We tend to buy based on the recommendations of close friends — and social media plays a critical role in this process. According to a recent survey by Market Force, 81% of consumers indicated that friends’ social media posts directly influenced their purchase decision. In looking at the various social networks, Pinterest is as popular as Twitter (and lags Facebook) yet it hasn’t around as long (according to Pew Research Center). On the flip side, Pinterest pins generate fewer subsequent page views and shorter timespans (according Copyblogger Media). And based on my analysis below, I’ve found that Pinterest also fails to refer local site traffic — the kind that brings recommendations from friends.
UPDATE: I recently spoke with Joel @Rapleaf and he clarified that the data that Rapleaf collects is not used to deny individuals credit. Instead the information is only used by the marketing departments to target potential customers (source).
While Twitter is free social media tool, there’s a price that one pays for tweeting. For example, there are plenty of good incidents caused by an embarrassing celebrity tweet (source). Aside from Hollywood celebrities, we’ve also had a local incident where a VP at the Atlanta PR firm Ketchum mistakenly used Twitter to exclaim that he “would die” if he had to live in Memphis while visiting his client, FedEx (source). This was a problem since Memphis is where FedEx is headquartered. Talk about a real Homer Simpson “Doh!” moment.
Until now, the price of tweeting was simply facing temporary ridicule and a small boo-boo to your online reputation. But that’s all changed now that data-mining firm Rapleaf announced that they collect data from Twitter to determine if you’re credit worthy demographics data in the public domain that’s exposed through social networking sites. According to an article in Fortune Magazine (source), the people that you “hang out” with can be used to determine if you’ll pay your bill on time. Yikes!
As a regular user of Twitter and Facebook, I’m less worried about what I say because I’m well aware that my statements are in the public domain. But, I’m reconsidering who I’m planning to follow or be-friend online. 😉 As a social networking contributor, you should consider whether you’re willing to allow a social networking site to expose that information to a search engine, like Google.
I guess that the quip “Be slow in choosing your friends” rings true.
There’s rarely a day that goes by where Microsoft and Google don’t challenge each other. They battle to control every aspect of our digital world, including email (hotmail vs. gmail), the browser (IE vs. Chrome), the desktop (Microsoft Office vs. Google Docs) and of course search (Microsoft Bing vs. Google Search). While Google has continued to gain ground on Microsoft, Yahoo and others, a new search competitor, albeit small, called Twitter has emerged.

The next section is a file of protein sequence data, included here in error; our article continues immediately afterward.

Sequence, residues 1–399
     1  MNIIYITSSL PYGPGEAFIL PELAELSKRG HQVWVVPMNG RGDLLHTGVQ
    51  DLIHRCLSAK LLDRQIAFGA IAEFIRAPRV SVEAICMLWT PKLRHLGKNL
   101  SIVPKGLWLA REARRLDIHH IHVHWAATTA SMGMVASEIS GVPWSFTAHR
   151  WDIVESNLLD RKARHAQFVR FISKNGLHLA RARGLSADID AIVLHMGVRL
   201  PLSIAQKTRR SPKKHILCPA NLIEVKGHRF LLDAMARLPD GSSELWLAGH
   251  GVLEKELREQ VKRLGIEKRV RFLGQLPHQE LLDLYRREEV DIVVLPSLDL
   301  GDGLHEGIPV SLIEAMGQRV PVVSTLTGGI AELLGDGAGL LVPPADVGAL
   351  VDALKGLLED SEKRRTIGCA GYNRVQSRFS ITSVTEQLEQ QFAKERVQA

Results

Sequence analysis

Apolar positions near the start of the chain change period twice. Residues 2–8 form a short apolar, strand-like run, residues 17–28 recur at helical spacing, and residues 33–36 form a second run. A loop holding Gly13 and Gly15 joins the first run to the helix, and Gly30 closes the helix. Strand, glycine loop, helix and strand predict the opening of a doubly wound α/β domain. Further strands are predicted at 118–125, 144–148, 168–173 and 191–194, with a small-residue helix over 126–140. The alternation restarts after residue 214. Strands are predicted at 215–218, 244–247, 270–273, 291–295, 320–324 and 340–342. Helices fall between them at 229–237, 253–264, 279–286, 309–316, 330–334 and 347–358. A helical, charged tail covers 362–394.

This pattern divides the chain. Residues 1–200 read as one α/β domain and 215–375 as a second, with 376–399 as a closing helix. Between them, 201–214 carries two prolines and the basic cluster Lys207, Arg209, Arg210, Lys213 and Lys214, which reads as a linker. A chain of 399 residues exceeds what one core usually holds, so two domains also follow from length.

Why Twitter? Well, besides serving as social networking tool for celebrities, Twitter also provides a stream of breaking news and real time events. For example, if I am looking to learn about the latest developments in SharePoint, I avoid the search engines because the news that I’ll read there will be at least 24 hours old. Instead, I search for tweets with SharePoint as a word or hashtag in Twitter. The search results present me with a quick list of the latest developments.
Both Microsoft and Google both recognize this deficiency but only Microsoft has first responded to this need. They beat Google to the punch with the recent announcement that tweets from Twitter will now be indexed and served up alongside Bing results (source). The meshing of Bing and Twitter is good for both tools/companies:
- Search engines have always had search for content on their own. They leveraged the spiders to crawl and index new content or asked website owners to submit XML sitemaps to uncover more content and links. But Twitter serves as a new source of link that can provider links to the freshest content around.
- Developers can create applications using the Twitter API so the idea of serving ads alongside tweets was a bit complex. By offering the data to search engines, Twitter has identified a revenue stream without having to depend on an ad-based revenue model.
- Data that Twitter collects (and I’ve got to imagine that they are collecting a ton of data) is only available for a limited amount of time (typically 7 – 14 days). Many developers have used this limitation to develop an app that persists the data for an extended period of time. But if Bing or Google starts storing that data, Developers could potentially turn to these search engines to mine Twitter data.
Microsoft seems to be trying to distinguish Bing as a leader in search engines. Bing has challenged Google on other fronts, including image search capabilities, where you see an endless set of results, and video search capabilities, where you can play a video without having to leave the results. With tweets alongside search results, Microsoft may be able to take more market share from Google. While a market share loss of may not seem to be much when Google still has a dominant position, it does translate to a greater loss when one considers that 97% of Google’s revenue is dependent on search.
NOTE: For now, you can search within the latest tweets using the new Bing Twitter engine (source).